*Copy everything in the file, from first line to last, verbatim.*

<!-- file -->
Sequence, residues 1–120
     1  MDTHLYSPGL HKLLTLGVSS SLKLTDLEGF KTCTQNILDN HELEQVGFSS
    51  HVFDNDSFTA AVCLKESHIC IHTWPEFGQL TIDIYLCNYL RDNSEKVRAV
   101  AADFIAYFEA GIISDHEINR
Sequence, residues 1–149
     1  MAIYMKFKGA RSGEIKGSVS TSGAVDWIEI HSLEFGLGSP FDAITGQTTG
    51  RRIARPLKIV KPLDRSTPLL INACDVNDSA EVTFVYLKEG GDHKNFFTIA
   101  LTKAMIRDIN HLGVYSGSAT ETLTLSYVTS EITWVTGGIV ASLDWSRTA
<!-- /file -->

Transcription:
Sequence, residues 1–120
     1  MDTHLYSPGL HKLLTLGVSS SLKLTDLEGF KTCTQNILDN HELEQVGFSS
    51  HVFDNDSFTA AVCLKESHIC IHTWPEFGQL TIDIYLCNYL RDNSEKVRAV
   101  AADFIAYFEA GIISDHEINR
Sequence, residues 1–149
     1  MAIYMKFKGA RSGEIKGSVS TSGAVDWIEI HSLEFGLGSP FDAITGQTTG
    51  RRIARPLKIV KPLDRSTPLL INACDVNDSA EVTFVYLKEG GDHKNFFTIA
   101  LTKAMIRDIN HLGVYSGSAT ETLTLSYVTS EITWVTGGIV ASLDWSRTA